In response, the opposition Labour Party embarked on fundamental reforms and renewal which culminated in New Labour and Tony Blair. This provided the platform for Labour to win a decisive election victory in 1997, but did so by crucially committing to maintain the framework of the Thatcherite economic legacy. This highlighted the convergence which had occurred in British politics, so much so that Blair and his policies were referred to as “Blathcherism” (a combination of Blair and Thatcher) even before he became Prime Minister. Another sardonic reference to Blair in this vein after he took office was: “To Thatcher a son!” To be sure, Labour did embark on a substantial increase in public expenditure, but at the cost of no inroads into the private sector and utilising methods of raising private finance to pay for public sector projects such as the Private Finance Initiative (PFI) that the Tories had only timidly resorted to.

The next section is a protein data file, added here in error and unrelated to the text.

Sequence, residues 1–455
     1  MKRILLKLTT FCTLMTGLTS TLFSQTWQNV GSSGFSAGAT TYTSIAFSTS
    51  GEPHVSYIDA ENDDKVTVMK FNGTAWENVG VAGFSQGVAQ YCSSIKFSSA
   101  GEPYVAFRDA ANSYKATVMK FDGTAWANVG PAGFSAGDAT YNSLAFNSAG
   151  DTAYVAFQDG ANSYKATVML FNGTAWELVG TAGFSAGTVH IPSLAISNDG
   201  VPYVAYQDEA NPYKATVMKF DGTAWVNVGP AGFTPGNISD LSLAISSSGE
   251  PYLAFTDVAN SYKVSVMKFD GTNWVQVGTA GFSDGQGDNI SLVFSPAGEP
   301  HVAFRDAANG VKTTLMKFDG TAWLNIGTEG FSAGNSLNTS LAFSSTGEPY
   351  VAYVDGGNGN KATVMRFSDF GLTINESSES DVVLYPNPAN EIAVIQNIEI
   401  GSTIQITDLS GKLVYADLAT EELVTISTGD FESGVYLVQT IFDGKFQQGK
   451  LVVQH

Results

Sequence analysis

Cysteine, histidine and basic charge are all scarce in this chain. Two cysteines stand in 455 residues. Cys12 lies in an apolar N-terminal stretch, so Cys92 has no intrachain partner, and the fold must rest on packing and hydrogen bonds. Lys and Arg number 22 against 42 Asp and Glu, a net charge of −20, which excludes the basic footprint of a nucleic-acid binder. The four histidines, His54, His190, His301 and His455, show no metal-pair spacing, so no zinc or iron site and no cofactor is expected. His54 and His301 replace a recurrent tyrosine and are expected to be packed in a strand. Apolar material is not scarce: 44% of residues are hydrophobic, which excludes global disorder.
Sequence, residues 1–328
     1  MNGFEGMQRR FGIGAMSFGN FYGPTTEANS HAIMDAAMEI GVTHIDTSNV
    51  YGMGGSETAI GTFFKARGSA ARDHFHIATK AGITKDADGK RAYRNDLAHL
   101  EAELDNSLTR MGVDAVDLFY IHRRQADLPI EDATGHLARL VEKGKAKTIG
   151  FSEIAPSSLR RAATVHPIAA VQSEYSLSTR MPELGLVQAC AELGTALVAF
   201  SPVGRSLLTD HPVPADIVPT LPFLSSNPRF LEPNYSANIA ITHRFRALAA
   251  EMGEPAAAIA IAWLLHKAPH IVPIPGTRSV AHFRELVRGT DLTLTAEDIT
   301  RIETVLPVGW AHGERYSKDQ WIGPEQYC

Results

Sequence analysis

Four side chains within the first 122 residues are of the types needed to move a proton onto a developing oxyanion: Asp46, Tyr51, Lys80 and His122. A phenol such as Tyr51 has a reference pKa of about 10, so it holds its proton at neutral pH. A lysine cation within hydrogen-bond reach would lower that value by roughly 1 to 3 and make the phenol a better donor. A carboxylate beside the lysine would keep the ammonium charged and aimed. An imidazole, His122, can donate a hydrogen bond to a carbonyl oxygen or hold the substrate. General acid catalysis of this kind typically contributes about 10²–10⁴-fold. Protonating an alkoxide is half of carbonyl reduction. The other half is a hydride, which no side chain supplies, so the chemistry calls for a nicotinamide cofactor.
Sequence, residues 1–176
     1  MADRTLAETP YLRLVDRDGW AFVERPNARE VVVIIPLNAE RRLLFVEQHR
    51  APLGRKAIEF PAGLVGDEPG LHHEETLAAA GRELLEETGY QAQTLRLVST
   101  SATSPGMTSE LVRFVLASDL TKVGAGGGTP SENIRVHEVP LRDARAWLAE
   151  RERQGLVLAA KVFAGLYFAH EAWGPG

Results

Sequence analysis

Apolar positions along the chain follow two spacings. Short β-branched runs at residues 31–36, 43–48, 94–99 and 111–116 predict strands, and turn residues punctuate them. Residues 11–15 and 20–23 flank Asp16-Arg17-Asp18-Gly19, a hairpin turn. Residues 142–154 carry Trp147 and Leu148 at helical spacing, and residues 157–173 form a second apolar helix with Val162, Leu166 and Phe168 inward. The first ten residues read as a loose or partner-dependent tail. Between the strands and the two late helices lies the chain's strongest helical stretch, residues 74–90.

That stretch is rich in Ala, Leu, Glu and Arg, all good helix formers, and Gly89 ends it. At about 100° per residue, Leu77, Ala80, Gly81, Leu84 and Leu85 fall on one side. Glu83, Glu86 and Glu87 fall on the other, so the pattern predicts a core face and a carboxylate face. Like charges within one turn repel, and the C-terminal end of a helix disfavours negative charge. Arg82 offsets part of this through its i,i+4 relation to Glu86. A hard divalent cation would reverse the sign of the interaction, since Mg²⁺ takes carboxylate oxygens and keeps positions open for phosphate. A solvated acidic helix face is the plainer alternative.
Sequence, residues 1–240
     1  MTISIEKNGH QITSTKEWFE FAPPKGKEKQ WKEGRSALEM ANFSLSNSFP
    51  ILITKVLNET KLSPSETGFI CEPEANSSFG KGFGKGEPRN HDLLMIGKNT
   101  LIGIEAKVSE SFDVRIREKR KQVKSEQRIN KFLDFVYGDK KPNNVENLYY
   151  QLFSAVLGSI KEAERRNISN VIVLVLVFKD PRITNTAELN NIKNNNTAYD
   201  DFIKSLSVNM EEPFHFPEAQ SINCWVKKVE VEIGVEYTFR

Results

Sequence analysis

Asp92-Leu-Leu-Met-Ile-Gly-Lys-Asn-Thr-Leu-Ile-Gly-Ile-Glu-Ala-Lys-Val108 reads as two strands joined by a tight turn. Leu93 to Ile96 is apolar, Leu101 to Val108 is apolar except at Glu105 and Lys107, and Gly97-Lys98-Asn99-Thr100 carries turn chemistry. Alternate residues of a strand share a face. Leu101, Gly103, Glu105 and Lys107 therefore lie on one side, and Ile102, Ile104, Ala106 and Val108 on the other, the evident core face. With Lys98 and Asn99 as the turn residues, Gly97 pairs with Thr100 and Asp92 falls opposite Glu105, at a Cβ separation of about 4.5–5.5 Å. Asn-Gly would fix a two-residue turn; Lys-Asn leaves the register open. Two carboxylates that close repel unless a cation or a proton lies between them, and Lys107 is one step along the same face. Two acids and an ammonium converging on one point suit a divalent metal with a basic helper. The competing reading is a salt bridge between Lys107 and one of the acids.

In retrospect, and at the cost of considerable simplification, there were three stages on the road to this political convergence. The first was Thatcher’s dismantling of the post-war consensus and substituting a new one. The second was Major’s continuation and consolidation of this new consensus and, via increased privatisation and commercialisation of the public sector, widening the scope and depth of it. At the same time the emphasis on individualism emanating from the shift in the new consensus resulted in a focus on individual rights and entitlements reinforced by human rights legislation and European law in the form of directives and regulations. The third stage was Labour’s acceptance of stages One and Two, principally in the economic sphere but with a whole-hearted commitment to social justice including enshrining individual rights and encapsulating robust support for social equality, multi-culturalism and anti-discrimination, which at best the Tories were half-hearted in their support of and largely did so as a by-product of their responsibilities and obligations under international and (especially) European law. This combination marked a decisive shift away from collectivist politics and policies to that premised on individualism, which now pervades all aspects of both public and private life, not only in the UK but in most western nations and is a continuing trend worldwide.